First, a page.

If you’re a regular Jupyter Notebook user, you’ve likely encountered a situation in which a particular cell takes a long time to finish its execution. This occurrence is particularly common during model training in machine learning, hyperparameter optimization or even just when running lengthy computations. Wouldn’t it be nice if a browser notification would inform you once the process is finished?  You could navigate to other tabs and only return to your machine learning experiment once you get that completion notification.

Well, it turns out that there is a Jupyter extension that does exactly this; it’s aptly named Notify.

What Is Notify for Jupyter Notebook?

Notify is a Jupyter Notebook extension that notifies the user once a long-running cell has finished executing through a browser notification. Notify is supported by Chrome and Firefox.

In this article, I’ll show you how to enable notifications in Jupyter Notebook and Jupyter Lab using Notify.

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Notify Browser Notifications

Notify is a Jupyter Notebook extension that notifies the user once a long-running cell has finished executing through a browser notification. Notify is  supported by Chrome and Firefox. However, if you face any issues regarding the installation, you can follow these detailed instructions to get things up and  running.

Let’s now see how we can install the package and use it.



You can install the package via pip . . .

pip install jupyternotify

or through source as:

git clone [email protected]:ShopRunner/jupyter-notify.git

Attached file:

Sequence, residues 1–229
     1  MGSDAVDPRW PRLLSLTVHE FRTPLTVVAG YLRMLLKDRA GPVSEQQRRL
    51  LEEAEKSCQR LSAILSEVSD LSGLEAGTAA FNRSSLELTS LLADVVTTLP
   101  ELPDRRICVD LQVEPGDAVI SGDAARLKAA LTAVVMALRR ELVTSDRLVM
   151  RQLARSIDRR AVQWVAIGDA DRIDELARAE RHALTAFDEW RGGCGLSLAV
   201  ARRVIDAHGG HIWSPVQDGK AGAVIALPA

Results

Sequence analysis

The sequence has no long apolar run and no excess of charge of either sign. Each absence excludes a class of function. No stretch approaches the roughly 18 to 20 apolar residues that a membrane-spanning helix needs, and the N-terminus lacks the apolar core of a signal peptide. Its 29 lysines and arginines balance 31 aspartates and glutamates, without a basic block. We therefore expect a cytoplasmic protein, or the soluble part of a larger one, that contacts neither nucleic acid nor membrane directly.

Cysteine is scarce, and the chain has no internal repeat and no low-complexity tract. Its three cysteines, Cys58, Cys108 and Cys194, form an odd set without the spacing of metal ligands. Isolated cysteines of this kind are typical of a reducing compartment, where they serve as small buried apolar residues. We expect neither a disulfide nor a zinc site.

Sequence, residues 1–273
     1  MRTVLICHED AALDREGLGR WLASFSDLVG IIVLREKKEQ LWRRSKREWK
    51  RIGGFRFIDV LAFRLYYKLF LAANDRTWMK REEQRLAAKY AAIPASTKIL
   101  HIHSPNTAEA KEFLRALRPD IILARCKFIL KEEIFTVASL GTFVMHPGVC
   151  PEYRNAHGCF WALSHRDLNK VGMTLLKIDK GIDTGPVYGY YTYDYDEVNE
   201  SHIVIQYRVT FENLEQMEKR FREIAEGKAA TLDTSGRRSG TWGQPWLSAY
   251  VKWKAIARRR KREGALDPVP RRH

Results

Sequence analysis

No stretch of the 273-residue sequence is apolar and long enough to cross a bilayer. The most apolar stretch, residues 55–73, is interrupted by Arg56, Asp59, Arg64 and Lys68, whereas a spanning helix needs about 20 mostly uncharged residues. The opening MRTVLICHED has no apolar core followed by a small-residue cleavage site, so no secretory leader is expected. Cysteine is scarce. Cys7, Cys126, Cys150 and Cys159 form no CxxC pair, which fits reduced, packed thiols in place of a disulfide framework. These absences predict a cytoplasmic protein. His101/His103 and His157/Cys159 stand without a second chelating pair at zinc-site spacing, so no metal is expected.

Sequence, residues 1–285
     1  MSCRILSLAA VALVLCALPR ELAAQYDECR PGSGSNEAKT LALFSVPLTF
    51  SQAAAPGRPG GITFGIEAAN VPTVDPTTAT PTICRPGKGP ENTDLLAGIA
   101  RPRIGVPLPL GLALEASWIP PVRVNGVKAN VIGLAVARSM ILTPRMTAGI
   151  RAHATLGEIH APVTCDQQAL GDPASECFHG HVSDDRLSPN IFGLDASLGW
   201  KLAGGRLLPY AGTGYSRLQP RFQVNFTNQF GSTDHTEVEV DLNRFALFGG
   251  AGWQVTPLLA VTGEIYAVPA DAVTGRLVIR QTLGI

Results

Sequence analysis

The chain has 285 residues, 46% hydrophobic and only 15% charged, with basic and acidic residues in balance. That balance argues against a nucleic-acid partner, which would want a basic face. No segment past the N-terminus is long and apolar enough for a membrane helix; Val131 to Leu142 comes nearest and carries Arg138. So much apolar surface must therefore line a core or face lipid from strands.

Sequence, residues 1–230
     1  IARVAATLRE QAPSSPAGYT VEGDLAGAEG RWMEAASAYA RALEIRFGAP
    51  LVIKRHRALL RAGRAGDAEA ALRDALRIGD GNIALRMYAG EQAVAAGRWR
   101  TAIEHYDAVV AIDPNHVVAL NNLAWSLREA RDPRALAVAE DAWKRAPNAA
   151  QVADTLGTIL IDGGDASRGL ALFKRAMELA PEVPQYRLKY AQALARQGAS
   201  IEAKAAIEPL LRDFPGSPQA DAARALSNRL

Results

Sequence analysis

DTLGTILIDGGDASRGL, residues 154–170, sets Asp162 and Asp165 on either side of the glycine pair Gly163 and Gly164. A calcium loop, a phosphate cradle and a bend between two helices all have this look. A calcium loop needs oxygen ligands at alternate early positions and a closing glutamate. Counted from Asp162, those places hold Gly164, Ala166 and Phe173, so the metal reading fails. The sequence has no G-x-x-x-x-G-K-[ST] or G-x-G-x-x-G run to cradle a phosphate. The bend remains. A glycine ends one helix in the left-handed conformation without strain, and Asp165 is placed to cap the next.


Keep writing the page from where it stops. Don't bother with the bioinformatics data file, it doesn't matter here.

cd jupyter-notify/
virtualenv venv
source venv/bin/activate
pip install -r requirements.txt
jupyter notebook

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Enabling Notifications in Jupyter Notebook

First, we’ll look at how we can enable notifications in Jupyter Notebooks. Enter the following text in the first cell of the notebook:

%load_ext jupyternotify

When you run this cell for the first time, your browser will ask you to allow notifications in your notebook; hit “Yes.”

Now we’re all set. 

Here I’ll show you a small code snippet using the sleep() function. This function suspends (waits) the execution of the current thread for a given number of seconds.

import tim

On executing the above cell, you’ll get the following notification in your browser:


When you click on the body of the notification, it will bring you directly to the browser window and the tab containing your notebook.

Push Notifications in Jupyter Notebook


Enabling Notifications in Jupyter Lab

While there is currently no official support for Jupyter Lab, I found a workaround. Apparently, a user has submitted a pull request with the solution, but it hasn’t been merged yet. However, the solution works seamlessly.


Paste the following in a Jupyter Lab cell followed by the code you wish to run:

!pip uninstall jupyternotify -y
!pip install git+https://github.com/cphyc/jupyter-notify.git
%reload_ext jupyternotify

We’ll now use the same code as above to check if the notifications are enabled or not.

import time

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Customize the Notification Message

If you wish to have a fancier notification message, you can easily tweak the code to do so.

%%notify -m "Congrats.The process has finished"
import time

Many other options are available. For instance, you can fire a notification in the middle of a cell or automatically trigger the notification after a certain time. I highly encourage you to check out the package’s GitHub repository for detailed information.

A feature as trivial as a notification can be beneficial, especially when you regularly work with processes that take a lot of time to execute. It’s pretty handy to be able to navigate to another tab or even a desktop and still get notified when a running process finishes. Sometimes, small add-ons like Jupyter Notify can really help to increase your productivity and smooth out your workflow.

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